Hope is a euphemism

The Orwellian twisted language launched by Obama acolytes continue. The latest addition to the euphemistic syntax comes from Washington State Democratic State Senator Rosa Franklin who wants to eliminate child poverty. Admirable. But her method? Not so admirable. Donna Gordon Blankinship explains:

Decades ago, poor children became known as "disadvantaged" to soften the stigma of poverty. Then they were "at-risk." Now, a Washington lawmaker wants to replace those euphemisms with a new one, "at hope."

And how will this help? According to Franklin

negative labels are hurting kids' chances for success and she's not a bit concerned that people will be confused by her proposed rewrite of the 54 places in state law where words like "at risk" and "disadvantaged" are used.

Disadvantaged children are at risk of being labeled--and living--at hopeless lives if Franklin's terminology is adopted. Most children know self esteem words won't do the job; which is why children across the country, whatever background unanimously respond to taunts with that age old retort "sticks and stones can break my bones but names will never hurt me." Ok, some really nasty names do occasionally hurt but hard work and determination will get them real hope.

And that is something that can't be legislated.
The Orwellian twisted language launched by Obama acolytes continue. The latest addition to the euphemistic syntax comes from Washington State Democratic State Senator Rosa Franklin who wants to eliminate child poverty. Admirable. But her method? Not so admirable. Donna Gordon Blankinship explains:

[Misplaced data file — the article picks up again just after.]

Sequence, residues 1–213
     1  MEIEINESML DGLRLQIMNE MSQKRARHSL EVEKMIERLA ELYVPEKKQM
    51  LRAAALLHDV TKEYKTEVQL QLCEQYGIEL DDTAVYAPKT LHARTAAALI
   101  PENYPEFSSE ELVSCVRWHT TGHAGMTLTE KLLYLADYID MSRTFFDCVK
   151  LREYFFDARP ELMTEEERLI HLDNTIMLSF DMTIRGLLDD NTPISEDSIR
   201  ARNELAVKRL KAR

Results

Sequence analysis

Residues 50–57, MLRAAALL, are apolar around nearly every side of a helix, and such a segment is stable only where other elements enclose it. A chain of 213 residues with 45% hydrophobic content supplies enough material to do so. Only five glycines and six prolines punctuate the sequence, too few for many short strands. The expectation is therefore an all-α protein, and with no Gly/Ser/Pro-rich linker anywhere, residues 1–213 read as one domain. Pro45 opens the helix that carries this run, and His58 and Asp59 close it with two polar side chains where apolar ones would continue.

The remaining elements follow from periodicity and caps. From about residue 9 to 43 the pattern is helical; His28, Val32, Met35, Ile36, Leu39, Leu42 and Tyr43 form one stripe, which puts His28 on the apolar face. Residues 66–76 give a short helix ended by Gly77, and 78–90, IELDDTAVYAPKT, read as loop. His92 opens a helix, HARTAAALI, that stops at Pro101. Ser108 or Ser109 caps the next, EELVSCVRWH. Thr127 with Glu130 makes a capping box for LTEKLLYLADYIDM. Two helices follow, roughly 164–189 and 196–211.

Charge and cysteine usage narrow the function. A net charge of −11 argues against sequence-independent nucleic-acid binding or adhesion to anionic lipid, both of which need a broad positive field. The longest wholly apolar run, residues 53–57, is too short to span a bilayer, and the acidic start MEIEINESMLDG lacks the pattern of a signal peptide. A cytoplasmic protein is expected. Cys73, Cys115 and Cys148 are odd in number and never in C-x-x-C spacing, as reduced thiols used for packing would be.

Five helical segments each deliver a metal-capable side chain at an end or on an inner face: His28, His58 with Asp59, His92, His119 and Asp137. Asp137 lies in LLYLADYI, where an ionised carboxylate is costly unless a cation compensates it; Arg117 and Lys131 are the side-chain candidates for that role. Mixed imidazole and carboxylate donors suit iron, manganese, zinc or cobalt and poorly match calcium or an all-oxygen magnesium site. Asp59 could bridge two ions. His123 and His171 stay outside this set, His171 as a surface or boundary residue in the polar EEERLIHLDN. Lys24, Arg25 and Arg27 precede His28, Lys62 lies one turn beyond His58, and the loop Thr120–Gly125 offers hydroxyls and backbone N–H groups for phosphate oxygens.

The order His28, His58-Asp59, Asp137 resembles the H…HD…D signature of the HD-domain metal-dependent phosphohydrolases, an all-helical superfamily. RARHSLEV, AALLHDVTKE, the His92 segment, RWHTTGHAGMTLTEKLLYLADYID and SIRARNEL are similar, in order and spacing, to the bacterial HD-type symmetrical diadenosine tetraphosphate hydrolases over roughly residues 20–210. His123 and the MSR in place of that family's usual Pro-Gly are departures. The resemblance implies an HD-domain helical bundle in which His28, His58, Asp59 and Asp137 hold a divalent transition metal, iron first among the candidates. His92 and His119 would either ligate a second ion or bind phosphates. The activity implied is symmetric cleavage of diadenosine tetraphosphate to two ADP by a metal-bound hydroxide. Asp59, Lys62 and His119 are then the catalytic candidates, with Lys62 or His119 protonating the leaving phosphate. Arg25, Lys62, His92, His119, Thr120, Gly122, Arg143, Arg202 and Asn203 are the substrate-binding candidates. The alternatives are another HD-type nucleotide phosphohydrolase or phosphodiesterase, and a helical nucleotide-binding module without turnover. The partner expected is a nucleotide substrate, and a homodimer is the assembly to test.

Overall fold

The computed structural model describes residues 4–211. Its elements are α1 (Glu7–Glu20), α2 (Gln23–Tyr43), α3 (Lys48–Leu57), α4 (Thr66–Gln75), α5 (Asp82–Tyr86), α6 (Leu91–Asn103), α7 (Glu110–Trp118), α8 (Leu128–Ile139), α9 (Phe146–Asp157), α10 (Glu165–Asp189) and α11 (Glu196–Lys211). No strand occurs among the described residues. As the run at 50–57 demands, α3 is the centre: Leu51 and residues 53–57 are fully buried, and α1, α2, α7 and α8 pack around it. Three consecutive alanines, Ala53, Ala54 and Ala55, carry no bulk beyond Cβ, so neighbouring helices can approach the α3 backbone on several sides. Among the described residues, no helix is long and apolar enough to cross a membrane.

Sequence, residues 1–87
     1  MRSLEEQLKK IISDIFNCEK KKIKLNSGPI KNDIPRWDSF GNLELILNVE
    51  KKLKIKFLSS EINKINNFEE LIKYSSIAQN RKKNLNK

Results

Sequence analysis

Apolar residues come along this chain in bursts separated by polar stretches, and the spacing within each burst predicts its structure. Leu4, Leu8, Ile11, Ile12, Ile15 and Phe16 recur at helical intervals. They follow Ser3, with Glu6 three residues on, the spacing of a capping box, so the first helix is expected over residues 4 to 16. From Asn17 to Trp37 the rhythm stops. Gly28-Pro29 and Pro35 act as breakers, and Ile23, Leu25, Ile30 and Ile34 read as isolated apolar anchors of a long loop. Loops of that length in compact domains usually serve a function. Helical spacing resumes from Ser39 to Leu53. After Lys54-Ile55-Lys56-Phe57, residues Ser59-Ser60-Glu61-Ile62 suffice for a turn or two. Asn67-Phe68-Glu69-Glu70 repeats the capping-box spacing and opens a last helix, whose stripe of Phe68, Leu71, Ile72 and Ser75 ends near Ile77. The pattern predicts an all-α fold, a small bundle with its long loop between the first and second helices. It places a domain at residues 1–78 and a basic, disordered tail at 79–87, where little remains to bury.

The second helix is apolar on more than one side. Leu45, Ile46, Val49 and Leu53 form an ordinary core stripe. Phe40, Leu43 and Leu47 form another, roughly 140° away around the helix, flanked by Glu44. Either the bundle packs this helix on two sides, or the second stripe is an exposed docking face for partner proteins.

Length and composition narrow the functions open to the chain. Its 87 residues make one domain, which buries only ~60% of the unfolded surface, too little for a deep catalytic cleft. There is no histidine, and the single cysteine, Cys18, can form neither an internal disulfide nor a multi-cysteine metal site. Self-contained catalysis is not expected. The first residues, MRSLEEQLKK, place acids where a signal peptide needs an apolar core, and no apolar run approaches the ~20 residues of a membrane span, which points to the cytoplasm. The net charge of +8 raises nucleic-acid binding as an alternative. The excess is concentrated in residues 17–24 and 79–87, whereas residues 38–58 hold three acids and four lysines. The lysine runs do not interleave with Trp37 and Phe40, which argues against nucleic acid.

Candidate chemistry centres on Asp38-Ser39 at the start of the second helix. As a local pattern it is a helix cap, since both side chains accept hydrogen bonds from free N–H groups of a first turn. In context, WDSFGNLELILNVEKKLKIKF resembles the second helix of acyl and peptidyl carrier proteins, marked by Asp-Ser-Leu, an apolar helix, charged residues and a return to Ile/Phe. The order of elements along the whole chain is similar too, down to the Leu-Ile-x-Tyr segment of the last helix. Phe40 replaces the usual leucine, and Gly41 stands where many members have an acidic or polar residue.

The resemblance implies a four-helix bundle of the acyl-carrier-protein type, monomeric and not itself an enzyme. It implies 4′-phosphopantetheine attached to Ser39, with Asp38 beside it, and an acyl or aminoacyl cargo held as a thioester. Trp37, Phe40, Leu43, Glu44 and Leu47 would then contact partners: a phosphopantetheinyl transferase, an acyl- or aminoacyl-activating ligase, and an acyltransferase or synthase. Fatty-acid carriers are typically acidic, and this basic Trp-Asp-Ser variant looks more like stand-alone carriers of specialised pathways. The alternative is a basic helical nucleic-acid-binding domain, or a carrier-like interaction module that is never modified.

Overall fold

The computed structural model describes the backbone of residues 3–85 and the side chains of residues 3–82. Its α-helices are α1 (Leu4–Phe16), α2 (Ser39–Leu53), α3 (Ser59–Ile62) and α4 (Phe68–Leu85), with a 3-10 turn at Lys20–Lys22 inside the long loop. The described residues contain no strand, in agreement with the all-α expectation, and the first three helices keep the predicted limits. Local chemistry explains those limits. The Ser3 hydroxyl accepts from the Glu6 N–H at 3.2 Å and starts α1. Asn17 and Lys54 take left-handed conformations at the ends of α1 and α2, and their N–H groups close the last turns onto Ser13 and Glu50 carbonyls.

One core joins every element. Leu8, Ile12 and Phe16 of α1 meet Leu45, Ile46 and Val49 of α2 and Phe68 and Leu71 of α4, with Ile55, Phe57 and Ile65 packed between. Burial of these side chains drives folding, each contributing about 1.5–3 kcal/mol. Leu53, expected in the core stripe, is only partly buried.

Decades ago, poor children became known as "disadvantaged" to soften the stigma of poverty. Then they were "at-risk." Now, a Washington lawmaker wants to replace those euphemisms with a new one, "at hope."

And how will this help? According to Franklin

negative labels are hurting kids' chances for success and she's not a bit concerned that people will be confused by her proposed rewrite of the 54 places in state law where words like "at risk" and "disadvantaged" are used.

Disadvantaged children are at risk of being labeled--and living--at hopeless lives if Franklin's terminology is adopted. Most children know self esteem words won't do the job; which is why children across the country, whatever background unanimously respond to taunts with that age old retort "sticks and stones can break my bones but names will never hurt me." Ok, some really nasty names do occasionally hurt but hard work and determination will get them real hope.

And that is something that can't be legislated.